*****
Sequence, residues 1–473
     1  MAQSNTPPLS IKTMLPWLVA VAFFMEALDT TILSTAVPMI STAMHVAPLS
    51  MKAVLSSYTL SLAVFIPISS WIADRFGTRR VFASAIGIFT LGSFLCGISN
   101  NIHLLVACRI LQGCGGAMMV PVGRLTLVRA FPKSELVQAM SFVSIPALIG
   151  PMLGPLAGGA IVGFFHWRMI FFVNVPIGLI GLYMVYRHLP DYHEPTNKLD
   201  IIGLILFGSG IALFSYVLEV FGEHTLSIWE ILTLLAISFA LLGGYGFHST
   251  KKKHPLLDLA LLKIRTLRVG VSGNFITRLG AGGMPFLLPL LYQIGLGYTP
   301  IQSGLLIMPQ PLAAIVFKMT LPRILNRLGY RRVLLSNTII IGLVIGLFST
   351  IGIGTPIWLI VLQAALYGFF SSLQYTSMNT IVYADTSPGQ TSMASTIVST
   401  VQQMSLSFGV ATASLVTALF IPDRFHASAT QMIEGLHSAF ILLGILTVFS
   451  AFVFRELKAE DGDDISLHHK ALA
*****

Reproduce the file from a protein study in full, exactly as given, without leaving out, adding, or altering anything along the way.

Sequence, residues 1–473
     1  MAQSNTPPLS IKTMLPWLVA VAFFMEALDT TILSTAVPMI STAMHVAPLS
    51  MKAVLSSYTL SLAVFIPISS WIADRFGTRR VFASAIGIFT LGSFLCGISN
   101  NIHLLVACRI LQGCGGAMMV PVGRLTLVRA FPKSELVQAM SFVSIPALIG
   151  PMLGPLAGGA IVGFFHWRMI FFVNVPIGLI GLYMVYRHLP DYHEPTNKLD
   201  IIGLILFGSG IALFSYVLEV FGEHTLSIWE ILTLLAISFA LLGGYGFHST
   251  KKKHPLLDLA LLKIRTLRVG VSGNFITRLG AGGMPFLLPL LYQIGLGYTP
   301  IQSGLLIMPQ PLAAIVFKMT LPRILNRLGY RRVLLSNTII IGLVIGLFST
   351  IGIGTPIWLI VLQAALYGFF SSLQYTSMNT IVYADTSPGQ TSMASTIVST
   401  VQQMSLSFGV ATASLVTALF IPDRFHASAT QMIEGLHSAF ILLGILTVFS
   451  AFVFRELKAE DGDDISLHHK ALA